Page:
A human rights activist, Joe Okei-Odumakin, has charged the Nigeria Police to conduct investigation into the death of a girl during the “Yoruba Nation” rally in Ojota, Lagos State on Saturday.
Protesters accused tbe police of killing the girl, but the police in Lagos State denied, saying no live bullet was fired at the scene.
Mrs Okei-Odumakin, president of Campaign for Democracy, in a statement in Lagos on Sunday, also called for the unconditional release of all those arrested at the Lagos rally on Saturday.
“We are a country under law and fundamental rights must be respected. The Constitution that gives government its powers also accords the people their rights and privileges.
“It is not acceptable for government to claim its own powers under the Constitution while abridging those of the people freely given under the same constitution,” she said.
The human rights campaigner, however, urged Nigerians to desist from destroying public facilities, but rather support law enforcement officers in carrying out their legitimate duties.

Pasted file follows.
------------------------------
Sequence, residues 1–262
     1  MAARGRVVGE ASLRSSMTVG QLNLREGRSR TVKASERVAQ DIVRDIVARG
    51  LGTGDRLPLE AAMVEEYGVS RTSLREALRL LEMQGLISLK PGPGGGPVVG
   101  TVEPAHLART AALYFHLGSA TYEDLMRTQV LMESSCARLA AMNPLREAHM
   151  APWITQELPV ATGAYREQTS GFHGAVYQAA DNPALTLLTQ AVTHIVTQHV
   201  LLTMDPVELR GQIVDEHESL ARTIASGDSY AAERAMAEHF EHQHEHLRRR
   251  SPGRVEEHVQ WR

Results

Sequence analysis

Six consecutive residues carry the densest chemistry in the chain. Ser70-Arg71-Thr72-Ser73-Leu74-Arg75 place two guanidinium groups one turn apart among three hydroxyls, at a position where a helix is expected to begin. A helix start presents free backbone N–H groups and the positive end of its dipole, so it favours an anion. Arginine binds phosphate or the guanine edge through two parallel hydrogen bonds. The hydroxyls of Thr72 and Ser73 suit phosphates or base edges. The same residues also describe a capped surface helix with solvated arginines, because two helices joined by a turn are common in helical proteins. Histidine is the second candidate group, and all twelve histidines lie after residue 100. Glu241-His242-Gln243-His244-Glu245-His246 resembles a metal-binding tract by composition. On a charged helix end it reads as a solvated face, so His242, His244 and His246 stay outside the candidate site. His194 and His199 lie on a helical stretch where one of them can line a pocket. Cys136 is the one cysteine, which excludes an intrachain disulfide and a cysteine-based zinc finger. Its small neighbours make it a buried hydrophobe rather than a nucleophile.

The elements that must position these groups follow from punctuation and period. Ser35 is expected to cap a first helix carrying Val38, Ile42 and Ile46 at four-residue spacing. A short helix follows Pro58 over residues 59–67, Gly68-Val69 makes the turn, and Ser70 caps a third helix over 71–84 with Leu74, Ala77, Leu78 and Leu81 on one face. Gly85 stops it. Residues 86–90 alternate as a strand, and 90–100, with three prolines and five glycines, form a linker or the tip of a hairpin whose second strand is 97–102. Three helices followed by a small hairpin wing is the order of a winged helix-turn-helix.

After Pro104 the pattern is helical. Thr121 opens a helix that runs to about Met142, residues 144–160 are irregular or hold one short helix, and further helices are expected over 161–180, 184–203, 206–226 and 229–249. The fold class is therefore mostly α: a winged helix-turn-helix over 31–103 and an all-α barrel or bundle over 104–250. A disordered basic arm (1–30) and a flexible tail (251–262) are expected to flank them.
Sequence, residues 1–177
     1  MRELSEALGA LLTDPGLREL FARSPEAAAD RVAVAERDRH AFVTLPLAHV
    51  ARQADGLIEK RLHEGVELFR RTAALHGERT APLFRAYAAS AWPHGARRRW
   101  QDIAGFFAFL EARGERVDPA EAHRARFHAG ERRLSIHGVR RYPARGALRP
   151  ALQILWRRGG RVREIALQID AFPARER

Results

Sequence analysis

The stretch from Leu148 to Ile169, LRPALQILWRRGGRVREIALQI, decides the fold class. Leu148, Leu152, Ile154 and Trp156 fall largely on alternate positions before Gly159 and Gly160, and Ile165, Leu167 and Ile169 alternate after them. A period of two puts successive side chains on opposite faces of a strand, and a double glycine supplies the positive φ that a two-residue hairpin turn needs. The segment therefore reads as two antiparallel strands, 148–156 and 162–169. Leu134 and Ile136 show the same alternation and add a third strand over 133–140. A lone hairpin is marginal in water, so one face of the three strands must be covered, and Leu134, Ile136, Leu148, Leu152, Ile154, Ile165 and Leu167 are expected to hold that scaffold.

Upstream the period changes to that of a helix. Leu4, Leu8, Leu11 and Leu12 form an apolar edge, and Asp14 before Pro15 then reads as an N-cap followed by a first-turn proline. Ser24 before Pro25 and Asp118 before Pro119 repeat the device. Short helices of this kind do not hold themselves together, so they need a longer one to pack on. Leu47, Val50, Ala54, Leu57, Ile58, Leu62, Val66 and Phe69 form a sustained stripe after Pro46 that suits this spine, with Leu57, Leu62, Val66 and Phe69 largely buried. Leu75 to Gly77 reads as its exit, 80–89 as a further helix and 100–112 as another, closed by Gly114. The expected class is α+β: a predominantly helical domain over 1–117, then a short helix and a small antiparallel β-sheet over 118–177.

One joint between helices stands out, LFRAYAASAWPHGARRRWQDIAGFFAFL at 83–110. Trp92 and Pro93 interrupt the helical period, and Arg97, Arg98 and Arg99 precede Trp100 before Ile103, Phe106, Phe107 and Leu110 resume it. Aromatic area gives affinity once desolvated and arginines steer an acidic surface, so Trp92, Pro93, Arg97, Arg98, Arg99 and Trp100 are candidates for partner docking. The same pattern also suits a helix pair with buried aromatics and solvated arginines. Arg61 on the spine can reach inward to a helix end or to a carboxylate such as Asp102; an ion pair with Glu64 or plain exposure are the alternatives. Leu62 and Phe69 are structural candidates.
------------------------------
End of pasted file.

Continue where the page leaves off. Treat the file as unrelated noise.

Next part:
Mrs Okei-Odumakin advised government to focus its attention on combating insurgency ravaging the country while appealing to citizens to stop the wanton destruction of lives and property.
“He who comes to equity must come with clean hands, therefore, we must support our law enforcement in carrying out their legitimate duties and not destroy their lives and property.
“They have families too and are entitled to dignity and decency that we all seek.
“Citizens should desist from wanton destruction of police stations, INEC, offices and prisons.
“Also, every law enforcement that carry out extra judicial killings should be brought to book accordingly,” she said.
Mrs Okei-Odumakin urged the Federal Government to rededicate itself to respecting the fundamental rights of the people as enshrined in the 1999 Constitution which it swore to protect.
Speaking on the amendment on the Electoral Act, she urged government to make electronic transmission a mandatory requirement and not discretionary.
She said t Section 50(2) of the intended amendment must be couched properly, adding that sanctity of the people’s vote was the highest expression of democratic norms.
“This is my first birthday without my friend, comrade, soulmate and husband, Yinka.
“Therefore, I will immerse myself in his ideals which are Justice, Fairness and Equity,” she said.
Yinka, late Afenifere spokesperson, 54, died on April 2, after battling with respiratory problems occasioned by COVID-19 complications.
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